coalition, but that the center of gravity of the political life of the
"WAC" is really *inside* the "WIP."

The party pre-chews any significant decision (as well as any number of
insignificant ones) and its fraction comes into the coalition or broader
movement meeting with a proposal or "line" all members are bound by.
Sometimes party or fraction leaders will be intelligent and flexible and
ameliorate some of the damage, others are clumsy and compound ot. But
the inherent tendency is for the party or fraction to have the *real*
seminal discussions about the overall direction or next steps for the
group. That is what is thought of as a vanguard party playing its proper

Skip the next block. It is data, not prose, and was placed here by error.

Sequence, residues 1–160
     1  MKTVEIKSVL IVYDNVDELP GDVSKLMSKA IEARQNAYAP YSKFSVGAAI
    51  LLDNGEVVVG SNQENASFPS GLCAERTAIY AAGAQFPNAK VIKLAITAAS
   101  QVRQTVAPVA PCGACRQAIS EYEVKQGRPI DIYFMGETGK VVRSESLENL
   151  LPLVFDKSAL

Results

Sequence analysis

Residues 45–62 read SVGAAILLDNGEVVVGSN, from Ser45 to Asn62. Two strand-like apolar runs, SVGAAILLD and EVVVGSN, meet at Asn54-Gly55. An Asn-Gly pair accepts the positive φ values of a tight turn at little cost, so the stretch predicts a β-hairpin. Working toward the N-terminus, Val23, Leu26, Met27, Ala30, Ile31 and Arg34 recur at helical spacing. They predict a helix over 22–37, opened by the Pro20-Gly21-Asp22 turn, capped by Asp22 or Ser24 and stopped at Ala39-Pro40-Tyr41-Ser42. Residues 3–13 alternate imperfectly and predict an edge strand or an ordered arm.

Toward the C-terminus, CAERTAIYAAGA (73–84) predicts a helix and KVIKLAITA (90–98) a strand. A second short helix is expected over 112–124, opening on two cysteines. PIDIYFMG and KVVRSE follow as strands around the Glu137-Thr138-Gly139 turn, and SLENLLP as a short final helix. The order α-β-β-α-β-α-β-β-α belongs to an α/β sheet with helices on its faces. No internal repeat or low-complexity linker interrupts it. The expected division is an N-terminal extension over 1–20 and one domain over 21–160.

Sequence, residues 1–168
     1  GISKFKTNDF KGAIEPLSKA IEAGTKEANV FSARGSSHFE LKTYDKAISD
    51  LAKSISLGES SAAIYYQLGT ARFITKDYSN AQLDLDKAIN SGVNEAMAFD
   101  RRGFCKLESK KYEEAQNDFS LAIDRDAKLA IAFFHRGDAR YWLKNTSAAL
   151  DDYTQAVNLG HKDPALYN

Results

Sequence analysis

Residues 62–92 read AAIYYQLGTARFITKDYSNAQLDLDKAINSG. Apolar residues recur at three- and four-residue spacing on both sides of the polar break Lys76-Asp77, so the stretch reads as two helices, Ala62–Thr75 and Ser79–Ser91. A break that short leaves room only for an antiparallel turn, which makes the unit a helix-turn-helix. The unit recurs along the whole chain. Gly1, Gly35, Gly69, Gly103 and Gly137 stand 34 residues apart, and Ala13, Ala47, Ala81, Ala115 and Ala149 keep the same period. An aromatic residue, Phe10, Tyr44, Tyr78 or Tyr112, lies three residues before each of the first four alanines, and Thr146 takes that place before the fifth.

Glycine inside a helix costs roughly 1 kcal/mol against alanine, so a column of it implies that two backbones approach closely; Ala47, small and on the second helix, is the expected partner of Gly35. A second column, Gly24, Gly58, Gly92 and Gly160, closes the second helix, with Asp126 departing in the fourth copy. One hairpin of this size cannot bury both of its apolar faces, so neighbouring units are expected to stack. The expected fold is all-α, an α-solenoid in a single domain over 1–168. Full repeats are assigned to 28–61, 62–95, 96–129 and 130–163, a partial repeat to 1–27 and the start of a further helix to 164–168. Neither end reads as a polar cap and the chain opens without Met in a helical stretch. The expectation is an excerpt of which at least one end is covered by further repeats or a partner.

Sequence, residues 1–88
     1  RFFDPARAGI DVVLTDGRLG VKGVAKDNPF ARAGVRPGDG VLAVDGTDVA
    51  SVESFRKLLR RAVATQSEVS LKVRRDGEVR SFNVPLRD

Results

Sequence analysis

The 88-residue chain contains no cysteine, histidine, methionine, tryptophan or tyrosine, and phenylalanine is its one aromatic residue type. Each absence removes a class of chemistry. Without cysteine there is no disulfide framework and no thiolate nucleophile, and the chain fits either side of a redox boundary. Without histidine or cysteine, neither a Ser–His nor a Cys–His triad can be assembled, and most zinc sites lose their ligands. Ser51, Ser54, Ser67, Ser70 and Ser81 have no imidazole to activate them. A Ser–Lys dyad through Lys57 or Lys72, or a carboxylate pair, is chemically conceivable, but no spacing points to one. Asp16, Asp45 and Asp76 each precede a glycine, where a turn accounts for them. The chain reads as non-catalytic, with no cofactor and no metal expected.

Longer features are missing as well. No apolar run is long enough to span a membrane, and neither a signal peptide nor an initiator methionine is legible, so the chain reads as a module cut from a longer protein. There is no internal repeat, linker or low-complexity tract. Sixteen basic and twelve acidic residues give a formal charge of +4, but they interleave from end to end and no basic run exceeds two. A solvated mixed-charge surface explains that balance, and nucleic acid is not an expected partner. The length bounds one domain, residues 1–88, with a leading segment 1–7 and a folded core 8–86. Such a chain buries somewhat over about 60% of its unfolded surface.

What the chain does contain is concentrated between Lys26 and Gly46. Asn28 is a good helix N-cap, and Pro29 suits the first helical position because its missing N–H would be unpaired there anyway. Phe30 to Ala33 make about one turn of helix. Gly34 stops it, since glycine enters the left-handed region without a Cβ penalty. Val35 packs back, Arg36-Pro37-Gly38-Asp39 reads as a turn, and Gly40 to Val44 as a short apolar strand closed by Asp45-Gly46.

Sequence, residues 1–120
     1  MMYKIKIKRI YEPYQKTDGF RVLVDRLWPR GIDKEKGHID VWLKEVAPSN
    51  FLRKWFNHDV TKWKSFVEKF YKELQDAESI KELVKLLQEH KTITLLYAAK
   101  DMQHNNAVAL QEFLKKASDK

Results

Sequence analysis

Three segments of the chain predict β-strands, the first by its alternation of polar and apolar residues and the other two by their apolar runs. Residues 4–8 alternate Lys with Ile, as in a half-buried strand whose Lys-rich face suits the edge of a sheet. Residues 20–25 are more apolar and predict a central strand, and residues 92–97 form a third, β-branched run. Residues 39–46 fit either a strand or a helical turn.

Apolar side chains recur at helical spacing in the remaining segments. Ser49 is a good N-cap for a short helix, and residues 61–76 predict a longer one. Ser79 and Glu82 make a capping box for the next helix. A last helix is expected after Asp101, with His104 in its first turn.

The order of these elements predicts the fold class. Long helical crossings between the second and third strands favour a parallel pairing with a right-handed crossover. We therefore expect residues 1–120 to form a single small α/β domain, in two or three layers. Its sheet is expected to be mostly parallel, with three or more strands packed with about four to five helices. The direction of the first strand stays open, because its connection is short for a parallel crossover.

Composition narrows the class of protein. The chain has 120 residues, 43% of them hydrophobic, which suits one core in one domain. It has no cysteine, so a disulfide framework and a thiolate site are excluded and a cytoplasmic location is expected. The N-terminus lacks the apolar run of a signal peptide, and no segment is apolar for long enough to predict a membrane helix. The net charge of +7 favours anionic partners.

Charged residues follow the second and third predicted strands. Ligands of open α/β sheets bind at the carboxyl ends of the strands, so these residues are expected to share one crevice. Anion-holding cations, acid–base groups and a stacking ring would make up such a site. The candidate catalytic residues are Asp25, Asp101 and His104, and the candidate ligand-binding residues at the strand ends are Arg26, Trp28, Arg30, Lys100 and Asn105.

role, it is the "brain" that tells the arms and legs what to do and the
mouth what words to speak.

What this does, in effect, is to set the Party in a hierarchical
relation to the mass movement and its organizations, as a "higher body."


It does not respect the autonomy or the independent political dynamics
or life of those organizations. That is how it tends to play out in real
life.

The party cadre are expected at all times to function as the party's
agents *within* the mass movement organization; if the leadership of the
mass movement organization has a private consultation, that privacy is
not respected vis a vis the party; but any attempt on the part of other
leaders of a coalition or independent grouping to inquire about the real
life of the party that is playing such a big role in the coalition or
movement's life will be rebuffed with a wall of silence.

Yes, there may be times when, in a sharp confrontation with reformists
or ultralefts, it is necessary to function in a 'disciplined' matter in